Thursday, November 21, 2019

Living under Ďapartheidí: discrimination against detained Palestinian minors


By J.J. Rhies - April 29, 2019
TAGS:
Section: [Main News] [Features]
Tags: [child arrests] [Apartheid]

 

“[W]hat defines an apartheid state?” asked Lubnah Shomali, the advocacy manager for BADIL Resource Centre for Palestinian Residency and Refugee Rights. “It’s having racial discrimination codified into law. And that is exactly what Israel has done. It has a host of different laws, whether it’s in the ... civil law, or whether it’s in the military orders that it imposes on the occupied territory.”

 

Israel’s “apartheid” conditions have a severe impact on the treatment of detained and arrested children, Shomali said. “[T]he punishment of Palestinian children is much more intense,” and “they’re held at completely different facilities than an Israeli child would be held.”

 

According to Military Court Watch (MCW), a non-profit organisation that monitors Israeli military courts, more than half of Palestinian child detainees who are arrested in the West Bank, which falls under Israeli military legislation, are transferred to Israeli prisons - a violation of the Fourth Geneva Convention.

 

“[T]here is discrimination not only at the legal level, but, of course, it’s a practiced discrimination, or they’re treated differently because they are Palestinians,” Shomali added.

 

Same crime, different system

 

Ayed Abu Eqtaish, the accountability director of Defence for Children International-Palestine (DCIP), made almost identical statements. He said Israel’s dual-legal system has a disproportionate - and negative - effect on Palestinian children, whose conditions and prison sentences vary considerably from their Israeli counterparts who commit the same crimes.

 

“In theory,” Israeli and Palestinian children in East Jerusalem guilty of the same crime should be treated equally and receive the same conviction. But “in practice,” he said, they do not.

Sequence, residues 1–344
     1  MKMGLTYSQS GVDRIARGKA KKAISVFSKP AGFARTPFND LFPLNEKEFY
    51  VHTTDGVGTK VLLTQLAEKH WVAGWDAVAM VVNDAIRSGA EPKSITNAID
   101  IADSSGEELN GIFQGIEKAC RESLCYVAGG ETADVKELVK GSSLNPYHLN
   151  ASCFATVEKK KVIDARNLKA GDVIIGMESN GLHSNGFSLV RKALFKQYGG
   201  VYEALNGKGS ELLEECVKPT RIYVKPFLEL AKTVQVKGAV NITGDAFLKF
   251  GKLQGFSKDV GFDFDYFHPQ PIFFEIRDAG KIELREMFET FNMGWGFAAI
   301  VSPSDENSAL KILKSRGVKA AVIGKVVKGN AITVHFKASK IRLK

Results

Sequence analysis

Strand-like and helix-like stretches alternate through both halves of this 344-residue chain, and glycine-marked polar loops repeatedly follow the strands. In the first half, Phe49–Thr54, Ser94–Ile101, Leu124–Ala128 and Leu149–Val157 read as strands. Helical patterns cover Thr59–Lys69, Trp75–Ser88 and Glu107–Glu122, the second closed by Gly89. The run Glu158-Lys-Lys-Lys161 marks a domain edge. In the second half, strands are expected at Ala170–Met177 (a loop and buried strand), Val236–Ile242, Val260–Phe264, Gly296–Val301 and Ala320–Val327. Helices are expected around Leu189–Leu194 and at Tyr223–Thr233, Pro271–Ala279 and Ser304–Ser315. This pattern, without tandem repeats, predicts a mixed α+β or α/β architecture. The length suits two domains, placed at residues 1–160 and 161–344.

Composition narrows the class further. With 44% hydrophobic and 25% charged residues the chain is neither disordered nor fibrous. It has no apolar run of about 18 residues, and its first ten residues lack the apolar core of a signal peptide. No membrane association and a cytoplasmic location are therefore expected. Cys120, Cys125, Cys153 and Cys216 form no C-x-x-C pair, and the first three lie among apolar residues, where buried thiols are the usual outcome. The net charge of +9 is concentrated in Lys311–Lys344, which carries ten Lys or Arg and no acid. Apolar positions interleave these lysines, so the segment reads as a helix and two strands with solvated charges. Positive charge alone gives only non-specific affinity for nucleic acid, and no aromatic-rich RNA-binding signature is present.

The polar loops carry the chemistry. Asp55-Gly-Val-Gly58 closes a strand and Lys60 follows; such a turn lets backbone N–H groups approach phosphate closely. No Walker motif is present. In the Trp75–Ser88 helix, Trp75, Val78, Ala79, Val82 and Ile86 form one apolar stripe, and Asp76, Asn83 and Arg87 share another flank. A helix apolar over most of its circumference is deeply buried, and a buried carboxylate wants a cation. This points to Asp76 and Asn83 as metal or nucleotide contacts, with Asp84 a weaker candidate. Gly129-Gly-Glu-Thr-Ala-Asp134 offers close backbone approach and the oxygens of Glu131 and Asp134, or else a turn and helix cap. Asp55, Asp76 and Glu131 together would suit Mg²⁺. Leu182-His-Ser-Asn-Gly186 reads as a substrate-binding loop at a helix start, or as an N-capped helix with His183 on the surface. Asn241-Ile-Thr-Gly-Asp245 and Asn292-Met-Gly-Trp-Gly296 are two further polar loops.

“Israel is employing two legal systems in the same geographical area,” he explained. “The Israeli military legal system,” which “has been designed to deal with people who are under occupation[,] ... is applied to Palestinians who are living in the West Bank [excluding East Jerusalem], while the Israeli civil system is applied to Israeli citizens,” including West Bank settlers, and Palestinians living in East Jerusalem.

 

East Jerusalem, which has been occupied by Israel since 1967, falls under civil legislation, and hence all residents, Israeli and Palestinian alike, are tried under civil law. “In theory,” Eqtaish explained, Palestinians living in East Jerusalem “have all the rights enshrined in the Israeli civil system, while in practice they are treated like their counterparts from the West Bank.”

 

During detention and interrogation, Palestinian children withstand “ill-treatment” and “torture” from Israeli authorities, who use these methods to compel them to confess to a crime, Eqtaish said. DCIP has reported that between 500 and 700 Palestinian children are detained by the Israeli military each year.

 

MCW found that in 2018, 70 per cent of Palestinian child detainees were physically abused, up from 60 per cent in 2013. Additionally, 70 per cent were threatened in 2018, compared to 47 per cent in 2013.